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School Psychology


Entry requirements

  • First-year examination in Psychology.

  • Students are strongly advised to first follow the Developmental Psychopathology course.


School psychologists are becoming increasingly important in a wide variety of settings, not only in schools. Through their unique expertise in mental health, learning, behavior and education they help children and youth succeed academically, socially, emotionally, and behaviorally. School psychologists work closely with families, teachers, school teams and other professionals to support the students´ ability to learn and a teachers ability to teach, by creating a safe and supportive learning environment.
In this specialisation course students will study the development of scholastic abilities and cognition such as reading, math, thinking, problem-solving, metacognition, memory, creativity and executive functions. Students also study how motivation influences the learning process. The focus of this course lies on the normal cognitive development of children and adolescents within a school context. The course also touches on subjects such as learning disabilities and the developing brain, setting the stage for a successful entry to several courses within the Master’s programme in School Psychology, such as Educational Neuroscience.

Course objectives

Students will:

  • Have a clear understanding of key concepts regarding the development of learning and cognition within a school context;

  • Be able to critically read and discuss the recent developmental literature based on scientific (peer-reviewed) articles;

  • Be able to explore and critically reflect on a given topic in-depth by preparing a scientific report, suitable to inform teachers and school boards;

  • Be able to give recommendations to a scientific as well as a broader public (e.g. teachers and parents); and

  • Be able to give an oral presentation on an in-depth assignment during work group sessions. For this assignment students will develop their own learning instruction based on knowledge acquired during lectures on learning principles and cognitive development. Not only will students reflect on their own work, but they will also be expected to review the work of peer group members.
    The combination of lectures and work group sessions balances the acquirement of theoretical knowledge during lectures with actively using and integrating this knowledge during the work group sessions.


For the timetables of your lectures, workgroups, and exams, select your study programme.
Psychology timetables



Students need to register for lectures, workgroups and exams.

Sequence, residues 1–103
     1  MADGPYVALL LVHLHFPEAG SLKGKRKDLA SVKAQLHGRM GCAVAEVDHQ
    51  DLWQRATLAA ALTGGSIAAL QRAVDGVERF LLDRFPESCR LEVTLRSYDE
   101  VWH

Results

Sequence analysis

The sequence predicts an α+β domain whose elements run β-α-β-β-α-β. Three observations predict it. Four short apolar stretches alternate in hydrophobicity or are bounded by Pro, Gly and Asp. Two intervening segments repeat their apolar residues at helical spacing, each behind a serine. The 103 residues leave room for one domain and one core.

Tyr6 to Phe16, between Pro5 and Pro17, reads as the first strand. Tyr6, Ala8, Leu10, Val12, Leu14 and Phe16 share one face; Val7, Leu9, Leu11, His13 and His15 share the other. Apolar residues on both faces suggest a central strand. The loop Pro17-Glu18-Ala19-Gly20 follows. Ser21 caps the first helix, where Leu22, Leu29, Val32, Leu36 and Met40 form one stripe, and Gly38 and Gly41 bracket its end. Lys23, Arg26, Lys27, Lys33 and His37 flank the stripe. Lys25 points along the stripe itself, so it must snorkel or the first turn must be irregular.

Instructions for registration in courses for the 2nd and 3rd year

For information on registration periods consult the bachelor course registration


Elective students have to enroll for each course separately. For admission requirements contact your study advisor.

Exchange/Study abroad

For admission requirements, please contact your exchange coordinator


Students are not automatically enrolled for an examination. They can register via uSis from 100 to 10 calendar days before the date; students who are not registered will not be permitted to take the examination.
Registering for exams

Mode of instruction

8 2-hour lectures and 8 2-hour work group sessions.
For the work group sessions students are asked to develop their own learning instruction based on the knowledge acquired during lectures on learning principles and cognitive development. Furthermore, students are required to explore and critically reflect on a topic from the lectures in more detail and write a scientific report on this topic. This report should be suitable for teachers and school boards. Students also present their critical reflection of their topic and assignment to the other members of the work group.
Lectures and work group sessions take up to a total of 120 hours, including the research and preparation of the assignments and lectures. In addition, students are expected to spend 160 hours preparing for the examination.

Assessment method

Participation in all work group sessions is mandatory. The final grade for School Pychology will be based on the following:

  • Grade for the examination (70%). The examination consists of 8 open-ended essay questions based on the literature (book and mandatory articles) and lectures.

  • Grade for work groups assignments (30%): mandatory (active) participation during group discussions; scientific report; final presentation of assignment).

Regulations on grade calculations.

The Faculty of Social and Behavioural Sciences has instituted that instructors use a software programme for the systematic detection of plagiarism in students’ written work. In case of fraud disciplinary actions will be taken. Please see the information concerning fraud.

Reading list

Goswami, u. (2008). Cognitive development. The learning brain. (448 pags.). Hove: Psychology Press.. [ISBN 9781841695310].

Contact information